Inner Peace: Healing the violence within

    How do we get rid of violence in our communities? We take steps to rid ourselves of the violence in our hearts, minds and souls.

    Looking at ourselves honestly and seeing the violence we harbor within is a huge step towards riding ourselves and society of its egoic tendency for anger and callousness. It is natural to get angry at times, especially when something does not go your way, like getting cut off in traffic. Usually when we recognize the anger we feel stupid and ashamed. If we can monitor our anger and recognize it comes from the false self that is not who we are, we forgive and let it go.

    We need to be honest with ourselves, however, to see the anger, realize it is the cause of so much guilt and then heal our mind with the love that is contained in every heart and mind. We have a choice: every time anger arises to recognize it (don’t deny it); see it; say "this is not who I am, I am love," and let it go. Love enters and peace is regained. We are all the good guys (we are all bad guys, too, but love will guide us).

    One way we can be helpful to our neighbors in Roseburg (and ourselves) is to take some thoughtful action to realistically reduce violence in our society. Here are three ideas:

    1) Refuse to watch violent programs showing the glorification of guns and violence on television programming. If we stop watching, there will not be any money in it. Years ago the advertising of hard liquor and cigarettes were taken off TV. Violent programs including guns are just as dangerous as liquor and cigarettes. These shows are advertising agents for the machinery of the gun industry.

    Why do young men kill and why are they so angry? They are being horrifically mistreated by the “entertainment” industry. They are being fed a diet of violence on TV, video games and movies. Violence, murder and crime are considered entertainment because it makes money for TV stations, advertisers, writers, producers, actors, film makers and their production companies and more. The TV and movie industry will claim that violence came first, and they are mirroring society, but society is mirroring them. They will ask “which came first, the chicken or the egg?” That question has no answer but that doesn’t make feeding America a diet of violence ethical. But if we can stop watching their programs of violence and guns or purchase the advertisers products it will hurt the bottom line.

    2) Fund mental health programs generously. Not only fund them, but put mental health on the front burner. Former Senator Patrick Kennedy has written a book about his family and the “secret” struggle of alcoholism, addiction and the effort it takes to hide behind big smiles and hurting hearts. All families either have or know someone who is struggling through the mental health programs in this country which are “funded” in a miserly fashion. In Jackson County there are a so few beds at the hospital psychiatric ward that people are turned away. Mr. Kennedy has bravely come forward to expose the stigma associated with mental illness and why it as important as cancer or heart disease. Mental health problems fester, they affect our society, they don’t go away and we all suffer mass murder because of it. (Here is a link to Mr. Kennedy’s website where you can learn more about his work:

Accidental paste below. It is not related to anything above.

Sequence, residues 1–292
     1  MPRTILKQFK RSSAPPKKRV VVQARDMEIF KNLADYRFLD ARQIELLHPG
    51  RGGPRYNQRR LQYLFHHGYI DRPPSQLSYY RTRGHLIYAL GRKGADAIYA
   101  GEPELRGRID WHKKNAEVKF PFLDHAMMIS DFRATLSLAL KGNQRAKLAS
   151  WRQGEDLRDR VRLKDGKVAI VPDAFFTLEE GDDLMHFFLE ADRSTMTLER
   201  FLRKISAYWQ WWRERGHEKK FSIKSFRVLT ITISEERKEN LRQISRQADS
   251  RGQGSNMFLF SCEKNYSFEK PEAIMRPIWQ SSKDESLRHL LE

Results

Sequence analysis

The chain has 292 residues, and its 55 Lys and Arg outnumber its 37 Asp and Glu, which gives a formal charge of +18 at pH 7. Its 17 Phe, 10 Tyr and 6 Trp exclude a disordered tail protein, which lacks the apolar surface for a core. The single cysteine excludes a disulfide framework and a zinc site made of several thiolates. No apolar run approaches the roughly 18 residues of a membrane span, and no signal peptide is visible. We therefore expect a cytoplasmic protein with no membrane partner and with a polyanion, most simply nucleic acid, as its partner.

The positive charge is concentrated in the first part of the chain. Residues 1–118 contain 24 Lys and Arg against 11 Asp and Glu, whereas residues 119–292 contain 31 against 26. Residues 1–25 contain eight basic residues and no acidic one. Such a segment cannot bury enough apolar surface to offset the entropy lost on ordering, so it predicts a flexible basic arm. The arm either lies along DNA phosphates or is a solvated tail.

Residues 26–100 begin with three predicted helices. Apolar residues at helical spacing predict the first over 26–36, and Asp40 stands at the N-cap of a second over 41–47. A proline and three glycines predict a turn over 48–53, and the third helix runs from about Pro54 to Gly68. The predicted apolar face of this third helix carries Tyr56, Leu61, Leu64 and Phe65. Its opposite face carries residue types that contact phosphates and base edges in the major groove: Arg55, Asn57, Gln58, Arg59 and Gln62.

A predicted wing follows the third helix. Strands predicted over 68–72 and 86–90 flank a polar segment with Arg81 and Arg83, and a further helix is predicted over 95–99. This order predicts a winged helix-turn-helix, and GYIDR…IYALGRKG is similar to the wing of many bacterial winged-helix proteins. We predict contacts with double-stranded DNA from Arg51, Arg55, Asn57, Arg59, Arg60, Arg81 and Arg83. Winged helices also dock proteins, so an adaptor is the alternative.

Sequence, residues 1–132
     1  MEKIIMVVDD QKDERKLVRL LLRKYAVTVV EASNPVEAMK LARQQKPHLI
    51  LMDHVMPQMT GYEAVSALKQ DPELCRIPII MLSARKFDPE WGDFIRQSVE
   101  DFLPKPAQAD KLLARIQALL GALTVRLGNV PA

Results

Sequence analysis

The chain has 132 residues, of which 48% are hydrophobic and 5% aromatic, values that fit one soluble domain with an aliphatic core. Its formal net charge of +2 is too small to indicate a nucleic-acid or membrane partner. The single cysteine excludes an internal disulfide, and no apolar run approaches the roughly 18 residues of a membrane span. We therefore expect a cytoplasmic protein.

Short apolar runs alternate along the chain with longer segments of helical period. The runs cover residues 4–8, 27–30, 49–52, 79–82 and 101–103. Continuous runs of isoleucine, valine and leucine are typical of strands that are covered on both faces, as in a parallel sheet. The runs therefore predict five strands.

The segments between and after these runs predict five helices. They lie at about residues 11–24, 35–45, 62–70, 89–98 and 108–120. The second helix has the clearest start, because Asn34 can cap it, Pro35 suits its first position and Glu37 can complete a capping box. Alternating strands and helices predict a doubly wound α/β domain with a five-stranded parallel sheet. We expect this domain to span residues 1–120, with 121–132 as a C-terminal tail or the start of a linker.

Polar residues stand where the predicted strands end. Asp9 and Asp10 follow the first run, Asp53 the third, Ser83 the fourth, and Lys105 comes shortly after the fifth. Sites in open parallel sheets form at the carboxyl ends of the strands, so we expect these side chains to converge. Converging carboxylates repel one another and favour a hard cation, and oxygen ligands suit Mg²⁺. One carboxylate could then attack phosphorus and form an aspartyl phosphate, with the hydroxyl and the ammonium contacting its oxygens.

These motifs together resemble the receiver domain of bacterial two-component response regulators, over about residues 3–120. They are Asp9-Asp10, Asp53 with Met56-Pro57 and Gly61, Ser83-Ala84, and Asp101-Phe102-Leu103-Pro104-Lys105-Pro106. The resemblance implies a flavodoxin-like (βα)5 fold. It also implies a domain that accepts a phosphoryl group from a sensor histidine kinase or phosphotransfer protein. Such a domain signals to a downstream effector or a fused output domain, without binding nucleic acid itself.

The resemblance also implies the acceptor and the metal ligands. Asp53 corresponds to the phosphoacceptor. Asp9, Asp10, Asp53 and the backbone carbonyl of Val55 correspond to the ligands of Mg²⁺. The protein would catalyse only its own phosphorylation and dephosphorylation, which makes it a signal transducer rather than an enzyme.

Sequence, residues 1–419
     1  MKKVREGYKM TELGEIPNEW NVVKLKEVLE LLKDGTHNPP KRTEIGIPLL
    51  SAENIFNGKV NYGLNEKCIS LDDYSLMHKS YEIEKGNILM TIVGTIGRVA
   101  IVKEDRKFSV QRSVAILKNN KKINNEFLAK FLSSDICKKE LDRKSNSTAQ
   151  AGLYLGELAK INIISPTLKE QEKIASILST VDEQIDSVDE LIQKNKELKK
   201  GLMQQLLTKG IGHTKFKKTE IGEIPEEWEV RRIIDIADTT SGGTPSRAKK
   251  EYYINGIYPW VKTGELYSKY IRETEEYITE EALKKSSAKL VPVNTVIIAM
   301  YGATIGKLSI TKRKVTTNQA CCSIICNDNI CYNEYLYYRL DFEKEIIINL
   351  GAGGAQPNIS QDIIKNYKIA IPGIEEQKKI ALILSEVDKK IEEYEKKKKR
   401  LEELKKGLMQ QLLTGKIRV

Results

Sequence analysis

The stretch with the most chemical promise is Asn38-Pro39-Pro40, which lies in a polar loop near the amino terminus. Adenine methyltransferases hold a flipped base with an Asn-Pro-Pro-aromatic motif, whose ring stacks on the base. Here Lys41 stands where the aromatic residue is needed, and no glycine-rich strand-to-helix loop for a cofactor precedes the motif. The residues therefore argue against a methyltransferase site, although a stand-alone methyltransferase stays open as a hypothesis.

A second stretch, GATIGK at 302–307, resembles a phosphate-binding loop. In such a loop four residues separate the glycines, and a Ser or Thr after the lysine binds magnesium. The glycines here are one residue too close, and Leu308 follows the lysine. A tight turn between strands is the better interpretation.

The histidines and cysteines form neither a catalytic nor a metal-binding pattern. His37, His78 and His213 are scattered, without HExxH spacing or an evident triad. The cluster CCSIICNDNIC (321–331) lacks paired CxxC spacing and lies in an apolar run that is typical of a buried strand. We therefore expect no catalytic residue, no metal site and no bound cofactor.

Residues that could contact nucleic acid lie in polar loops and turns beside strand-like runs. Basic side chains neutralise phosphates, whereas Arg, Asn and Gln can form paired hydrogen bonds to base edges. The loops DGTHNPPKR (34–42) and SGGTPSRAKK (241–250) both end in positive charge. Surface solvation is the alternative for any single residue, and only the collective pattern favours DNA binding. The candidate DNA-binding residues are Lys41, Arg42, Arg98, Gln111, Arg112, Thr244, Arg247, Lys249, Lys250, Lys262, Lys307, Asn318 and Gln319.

3) No guns of any caliber for anyone under the age of 21. We know the recent killer Chris Harper Mercer was age 26. When did he first own a gun? If it had been unlawful for him to have one or go to a shooting range until age 21 perhaps he might have found a better path. According to a recent CNN poll, 27 mass shootings have happened since 1949. Out of a 66-year period, 14 (half) of the mass shootings occurred within the 10 years. What does that tell you about violence piped into our homes via TV? A third of these crimes (eight) were committed by young men in their 20s. Maybe these young men would have led different lives if they had not been exposed to guns at an early age.

    Back to looking at violence in ourselves — how many of the young murders were treated with love, compassion and kindness? I’m sure their parents tried their best, but did schools educate them and was therapeutic intervention offered? Did the health system care for their psyche and mind as much as their bodies?

    We won’t be able to banish guns and violence from our society until we banish the anger within. We need to bring our guilt to the light of love and be willing to open our minds to “hear” answers from all segments of our society to solve the problems, join hands and together choose peace and have faith that we will figure this out.

    Sally McKirgan facilitates the Tidings Inner Peace column. See her blog at

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